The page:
• It's certainly not my place to comment on another business - but I will add the following because it needs to be said....... A. Price of quality raw coffee has risen considerably in the last 18 months. Up to 50%. This is now starting to flow through the market. It's also likely to go higher. B. Some vendors may have stocks that are 2014 crop and therefore able to offer them up at a lower price point - so comparisons are not entirely easy nor fair. C. Anyone expecting free freight in Australia is just kidding themselves - it's only sellers who enjoy +50 - 80 % margins on their products who can afford such "incentives". The term incentive is correct. The concept of free freight in Australia is a mindset driven by 3 dynamics. 1. eBay became greedy and forced all sellers to build in the cost of postage so they could apply valuation charges on the entire sale price inclusive of postage. This was a trend started 6 years ago and they forced the market to play the game by altering their Best Match ranking criteria. Whilst people may think eBay is not a market driver.......in the past it has been and there is a "network effect" caused by it's strategies. 2. The Australian consumer is accustomed to convenience shopping - where everything is abundantly available at all times. Previously it was the corner store, then the supermarkets killed them and pushed that into the petrol stations. Yet supermarkets control and govern your choice and the price you pay. Freight is expensive because it's now very difficult to deliver items to the end customer. Congested roads. Nobody to sign for the parcel, etc. 3. Drop shipping has become an industry that is eroding the Australian retailer and the economy. So many companies now warehouse offshore and enjoy a special rate of freight "interchange" that is not available to domestic merchants - regardless of the bulk or leverage. This means overseas-based companies take sales and offer free freight because their actual cost base, including freight, is lower. Result = no jobs in Australia and no inflows into the Treasurer's kitty and a decline in the services infrastructure like health, education, roads, etc. Residential freight services in Australia are a sub-standard, expensive monopoly which is a situation that is not going to change any time soon.
  • Would like to say thanks to Fresh Coffee and Mycuppa, our stalwarts of the industry for their insight and perspective on this topic. You could have spent your time elsewhere but your passion for the coffee industry and community shines through. Appreciated. Bean prices have always been on the rise since consumption in around the world has increased as well as below average growing conditions resulting from global warming. There,s no escape from the fact we are paying $20 a kg for a Brazilian or Colombian base bean greens...which is the tipping edge to go back to CS for some of us. Will endeavor to support a variety of providors, here and elsewhere. Just a pity though there wasn,t much of forum interaction here from the man himself. I got a lot more service from my local independent butcher, cafe and baker.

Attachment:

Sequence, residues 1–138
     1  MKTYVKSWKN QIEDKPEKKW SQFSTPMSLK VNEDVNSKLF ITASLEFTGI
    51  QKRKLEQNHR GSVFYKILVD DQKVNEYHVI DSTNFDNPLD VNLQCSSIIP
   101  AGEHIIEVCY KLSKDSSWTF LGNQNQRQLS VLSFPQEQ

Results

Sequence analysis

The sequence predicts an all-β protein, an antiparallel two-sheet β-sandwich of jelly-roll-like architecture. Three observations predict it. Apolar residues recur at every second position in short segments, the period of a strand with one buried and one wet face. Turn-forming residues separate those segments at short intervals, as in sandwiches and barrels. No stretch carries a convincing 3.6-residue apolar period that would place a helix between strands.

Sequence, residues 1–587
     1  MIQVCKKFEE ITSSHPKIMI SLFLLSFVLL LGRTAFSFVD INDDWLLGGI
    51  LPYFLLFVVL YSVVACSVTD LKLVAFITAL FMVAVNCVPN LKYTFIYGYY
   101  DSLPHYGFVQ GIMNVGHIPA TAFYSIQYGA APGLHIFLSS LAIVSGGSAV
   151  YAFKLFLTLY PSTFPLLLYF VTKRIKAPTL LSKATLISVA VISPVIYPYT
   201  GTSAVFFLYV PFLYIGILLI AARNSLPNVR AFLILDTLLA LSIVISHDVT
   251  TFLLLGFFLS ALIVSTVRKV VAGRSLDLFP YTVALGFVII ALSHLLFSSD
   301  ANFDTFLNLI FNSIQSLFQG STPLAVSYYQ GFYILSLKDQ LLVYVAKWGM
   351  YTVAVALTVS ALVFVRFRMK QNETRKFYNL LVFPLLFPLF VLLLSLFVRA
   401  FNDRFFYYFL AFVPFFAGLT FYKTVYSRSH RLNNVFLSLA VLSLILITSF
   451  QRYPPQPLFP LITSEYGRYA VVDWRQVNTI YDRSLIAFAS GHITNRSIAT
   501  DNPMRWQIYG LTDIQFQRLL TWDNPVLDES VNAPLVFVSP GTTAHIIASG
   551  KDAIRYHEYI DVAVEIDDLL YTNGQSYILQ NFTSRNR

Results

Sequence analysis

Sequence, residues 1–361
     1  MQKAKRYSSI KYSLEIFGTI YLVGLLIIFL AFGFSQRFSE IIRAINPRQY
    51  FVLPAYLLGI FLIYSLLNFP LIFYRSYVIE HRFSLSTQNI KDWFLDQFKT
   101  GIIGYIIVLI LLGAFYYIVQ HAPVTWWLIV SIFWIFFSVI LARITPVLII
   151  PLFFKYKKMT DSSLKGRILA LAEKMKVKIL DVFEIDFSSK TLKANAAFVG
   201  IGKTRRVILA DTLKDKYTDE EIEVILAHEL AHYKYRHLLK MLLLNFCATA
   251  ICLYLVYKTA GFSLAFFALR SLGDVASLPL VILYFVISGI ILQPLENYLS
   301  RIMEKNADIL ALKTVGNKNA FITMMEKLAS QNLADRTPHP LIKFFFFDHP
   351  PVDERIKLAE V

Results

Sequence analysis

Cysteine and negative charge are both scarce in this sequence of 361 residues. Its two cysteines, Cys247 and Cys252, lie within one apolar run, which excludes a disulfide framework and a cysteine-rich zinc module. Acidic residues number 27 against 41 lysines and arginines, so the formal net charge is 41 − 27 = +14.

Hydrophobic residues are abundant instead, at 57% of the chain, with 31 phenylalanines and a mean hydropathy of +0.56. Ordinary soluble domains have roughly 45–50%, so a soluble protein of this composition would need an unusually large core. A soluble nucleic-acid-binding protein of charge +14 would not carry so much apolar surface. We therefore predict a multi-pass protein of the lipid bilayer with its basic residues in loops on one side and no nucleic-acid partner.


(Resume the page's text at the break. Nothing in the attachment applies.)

• on 1434845257:
    Will endeavor to support a variety of providors, here and elsewhere. Just a pity though there wasn,t much of forum interaction here from the man himself. I got a lot more service from my local independent butcher, cafe and baker.
    As will I Gary, however, as you say, it's a two way street, not sure just how important to him the business he generates on this forum is, pretty insignificant I suspect, regardless things can change, pays to look to the future. :)
  • Just throwing my 2c in. Who knows .. other than Brendan himself, why he has raised the bar so much higher for the 'free delivery' bonus. In a climate of rising coffee prices .. he may have opted to do away with the lower end freebie in order to absorb some of the cost rises on beans to his customers. Seems to me that Brendon now has 2nd thoughts about offering free delivery unless the order is more substantial ---> Captain obvious. lol On a $50 purchase .. free delivery is like a 20% discount if the cost of postage is $10. Going up to $150 is an obvious sign to me that it is no longer sustainable to offer free delivery on relatively small orders. Besides, being green beans, and their long storage life ... Brendon may have decided, rather than scrapping the incentive altogether .. make a bigger purchase so that both he .. and his customer can come out with a win. My guess is that it is to be able to limit price increases on the greens now and into the near future. We all love a freebie ... but postage cost is something we buyers should accept ... otherwise, was it Brett? go pick them up  :thumb: Maybe a mod or Admin could give Brendon a nudge & a wink, being a forum sponsor .. and fill us in on the reality of coffee trading in these times. I'd guess .. Brendon has a pretty fair reason for doing what he's doing. Was that 2 or 4c worth?  ::)  >:D ps. Always interesting to get some insight from mycuppa Maybe the freebies were a gift from the Heavens .. and we've bean pampered with generosity that had to end sooner or later. At the end of the day .. it may have cost us a little more ... but we still get to have our superb :coffee2: <---- Priority No1  - @ a good price <-- No2